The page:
Napoleon Tercero; Curt Meuse; Joe Hubbard

The biopharmaceutical industry is currently having problems developing measurements capable of showing that the properties of the biomolecules in a specific dose of medicine are the same as the properties of the biomolecules in the drug that were shown to be safe and effective in clinical trials. Generally, a combination of orthogonal measurements, such as mass spectrometry, chromatography, NMR, etc., are used to compare the characteristics of the biopharmaceuticals. The disadvantage of this approach is, that a larger percentage of the tested batches get rejected with each independent technique used resulting in a significant and costly waste of product.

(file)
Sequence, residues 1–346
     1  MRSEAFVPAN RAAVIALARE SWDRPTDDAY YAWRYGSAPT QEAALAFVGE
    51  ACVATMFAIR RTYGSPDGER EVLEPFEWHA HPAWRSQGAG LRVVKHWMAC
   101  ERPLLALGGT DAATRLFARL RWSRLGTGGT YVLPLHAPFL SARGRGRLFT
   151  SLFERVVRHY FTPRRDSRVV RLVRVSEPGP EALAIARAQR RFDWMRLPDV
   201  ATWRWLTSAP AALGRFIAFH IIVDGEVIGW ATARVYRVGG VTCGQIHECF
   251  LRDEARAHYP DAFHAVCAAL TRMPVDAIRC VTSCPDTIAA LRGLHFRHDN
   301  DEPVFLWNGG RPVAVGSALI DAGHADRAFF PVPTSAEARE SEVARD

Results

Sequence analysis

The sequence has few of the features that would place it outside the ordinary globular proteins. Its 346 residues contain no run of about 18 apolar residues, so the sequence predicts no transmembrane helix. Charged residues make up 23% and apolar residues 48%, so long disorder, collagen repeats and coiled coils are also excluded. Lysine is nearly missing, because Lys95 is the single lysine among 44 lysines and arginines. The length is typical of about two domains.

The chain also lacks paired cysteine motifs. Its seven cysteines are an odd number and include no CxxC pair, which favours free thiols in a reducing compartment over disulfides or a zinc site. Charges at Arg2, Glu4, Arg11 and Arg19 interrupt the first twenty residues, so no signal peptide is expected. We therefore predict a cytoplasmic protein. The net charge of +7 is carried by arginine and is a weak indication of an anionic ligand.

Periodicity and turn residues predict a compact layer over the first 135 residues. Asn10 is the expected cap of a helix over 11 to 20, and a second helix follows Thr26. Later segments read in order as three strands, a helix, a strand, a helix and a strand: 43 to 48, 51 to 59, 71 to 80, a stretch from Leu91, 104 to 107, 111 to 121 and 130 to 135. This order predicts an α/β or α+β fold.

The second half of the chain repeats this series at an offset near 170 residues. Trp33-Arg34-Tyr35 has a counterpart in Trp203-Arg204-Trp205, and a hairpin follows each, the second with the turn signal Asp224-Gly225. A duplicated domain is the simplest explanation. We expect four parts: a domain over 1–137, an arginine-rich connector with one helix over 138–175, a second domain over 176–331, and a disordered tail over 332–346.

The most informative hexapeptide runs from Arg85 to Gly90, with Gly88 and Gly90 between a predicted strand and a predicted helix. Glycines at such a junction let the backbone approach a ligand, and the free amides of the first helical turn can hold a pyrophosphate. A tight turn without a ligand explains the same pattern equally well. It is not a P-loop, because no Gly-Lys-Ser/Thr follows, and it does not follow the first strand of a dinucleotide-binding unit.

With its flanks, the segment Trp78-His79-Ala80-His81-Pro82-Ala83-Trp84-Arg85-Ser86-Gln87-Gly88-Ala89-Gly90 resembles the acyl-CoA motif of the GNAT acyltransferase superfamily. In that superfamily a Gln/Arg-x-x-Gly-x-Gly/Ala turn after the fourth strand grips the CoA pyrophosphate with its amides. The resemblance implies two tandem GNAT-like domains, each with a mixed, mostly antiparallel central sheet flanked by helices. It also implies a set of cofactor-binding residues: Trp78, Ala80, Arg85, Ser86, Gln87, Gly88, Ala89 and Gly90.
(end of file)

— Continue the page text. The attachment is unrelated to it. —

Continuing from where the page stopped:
Here we propose to link a pair of infrared spectroscopic measurements, through the kinetic processes of protein ensemble dynamics, to allow us to assess the similarity between two protein drugs and decrease the number of independent measurements necessary for the acceptance of a given batch. Specifically, we will determine the width of the protein conformational ensemble by using concepts derived from infrared spectroscopic orientation measurements. The presence of a width in the conformational ensemble is an indication that the protein is fluctuating between conformational states. Our model collects conformational ensemble information into a single parameter, for each wavelength, which can then be used to determine the separate spectra of the two limiting conformational states. This two-conformation description is what we plan to evaluate as a method for comparing protein similarity. As a further advancement, we plan to develop time-resolved methods to isolate more conformational intermediates of the ensemble dynamics to more specifically describe the protein tertiary structure.